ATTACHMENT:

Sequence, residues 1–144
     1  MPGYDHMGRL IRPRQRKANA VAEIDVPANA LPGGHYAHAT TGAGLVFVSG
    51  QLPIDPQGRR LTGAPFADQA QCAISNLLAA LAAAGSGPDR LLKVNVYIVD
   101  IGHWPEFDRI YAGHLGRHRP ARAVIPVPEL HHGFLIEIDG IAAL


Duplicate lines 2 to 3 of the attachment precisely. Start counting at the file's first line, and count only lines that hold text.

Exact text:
     1  MPGYDHMGRL IRPRQRKANA VAEIDVPANA LPGGHYAHAT TGAGLVFVSG
    51  QLPIDPQGRR LTGAPFADQA QCAISNLLAA LAAAGSGPDR LLKVNVYIVD